Reid proposes the Senate take up two resolutions, one pro-surge, one anti-surge. McConnell objects, on the grounds that Reid and the Democrats should not be choosing the GOP amendments. McConnell again reiterates the same four-point offer above, to which Reid propounds a counter-offer to permit further amendment. No agreement.

    Senator Durbin says this is a redo of last week's debate, where the Republicans voted against the cloture motion on the motion to proceed to consideration - if the Republicans don't want to debate this, why are they asking to debate this?


    Senators Specter and Byrd have a brief, but interesting exchange relating to the power of the majority leader to "fill the amendment tree." Byrd asserts that the majority leader loses the floor after making a motion to amend, and that an objecting Senator can stifle "filling the tree" by claiming the floor before the majority leader is able to offer a next amendment.

    Heh. Specter thinks this (filling the tree) is dysfunctional, yet not much complaint about the constitutional dysfunction represented by the Senate-erected 60 vote hurdle to confirm an executive nomination. Byrd again asserts that no rule change is required, all that is required is for the Senate to enforce its existing rules. What Byrd proposes would represent a MAJOR takeaway of power from the Senate majority leader.

    Senator Specter was unable to speak on the several subjects he intended to, and asks to have the material entered in the record.


    Senator Leahy will speak about one hour on the subject of Iraq.

UPDATE @ 14:20

    Senator Alexander notes that the Senate has a February recess. Oh yeah. All the more reason to bail out early. Next week is a holiday week, all week.

    At any rate, he is talking about "Real I.D.," or federalizing identification requirements for all the subjects of the land. He notes that the state of Maine has urged Congress to repeal the Real ID Act before it becomes law; many states have lodged requests, but Maine has voted legislation. Alexander notes that the state balks may be tied to the cost of meeting the ID technical requirements -- here's to more taxes so we can be forced to obtain (and always carry) compliant ID!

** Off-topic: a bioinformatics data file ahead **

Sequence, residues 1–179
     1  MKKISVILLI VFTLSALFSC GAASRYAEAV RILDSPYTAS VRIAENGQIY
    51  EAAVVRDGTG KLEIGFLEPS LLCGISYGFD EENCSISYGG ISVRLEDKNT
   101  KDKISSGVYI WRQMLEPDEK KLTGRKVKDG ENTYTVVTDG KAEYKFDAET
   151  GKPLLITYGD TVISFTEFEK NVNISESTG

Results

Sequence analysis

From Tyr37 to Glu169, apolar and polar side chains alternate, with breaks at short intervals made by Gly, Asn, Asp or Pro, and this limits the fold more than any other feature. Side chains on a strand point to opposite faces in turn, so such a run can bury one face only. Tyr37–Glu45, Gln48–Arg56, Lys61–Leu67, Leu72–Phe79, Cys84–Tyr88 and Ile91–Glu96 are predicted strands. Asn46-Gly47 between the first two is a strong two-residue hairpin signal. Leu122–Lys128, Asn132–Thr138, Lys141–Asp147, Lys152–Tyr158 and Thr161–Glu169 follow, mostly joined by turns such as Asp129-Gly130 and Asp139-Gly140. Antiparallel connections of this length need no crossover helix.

Senator Alexander notes that Senator Collins will offer an amendment to the "Implement 9/11 Commission Recommendations" bill, to water down the requirements of the Real ID Act.


    Senator Byrd - on the subject of Senator Kennedy's 72nd birthday. "Oh, to be 72 again," says Byrd.

UPDATE @ 15:19

    A request to take up Senator Feinstein's S.214 - Preserving United States Attorney Independence Act of 2007, was blocked by objection from Senator Kyl. (Hat tip -

    The list of measures introduced by Senator Feinstein is interesting in its own right, check it out.


    Those readers with an interest in detainee cases will want to read Lyle Denniston's Government opposes quick relief for detainee, which outlines the case of a Saifullah Paracha, who was taken from Thailand, and is now held in Gitmo as an "enemy combatant.".

    Mr. Paracha has a series of appeals pending before the US Supreme Court. These cases, generally flying under the radar (because the rulings below are unpublished), are touted as possibly precipitating an historic ruling by the Supreme Court. Mentioned here, because the Paracha cases implicate the recently-passed Military Commissions Act. Mr. Paracha challenges being designated as an "enemy combatant."

    A reader comment to Denniston's post cites another case, In re Blodgett, 502 U.S. 236, that is also worth a quick review. Blodgett indicates that the Supreme Court is unlikely to push the DC Circuit Court for a quick decision on Paracha's claim and legal arguments.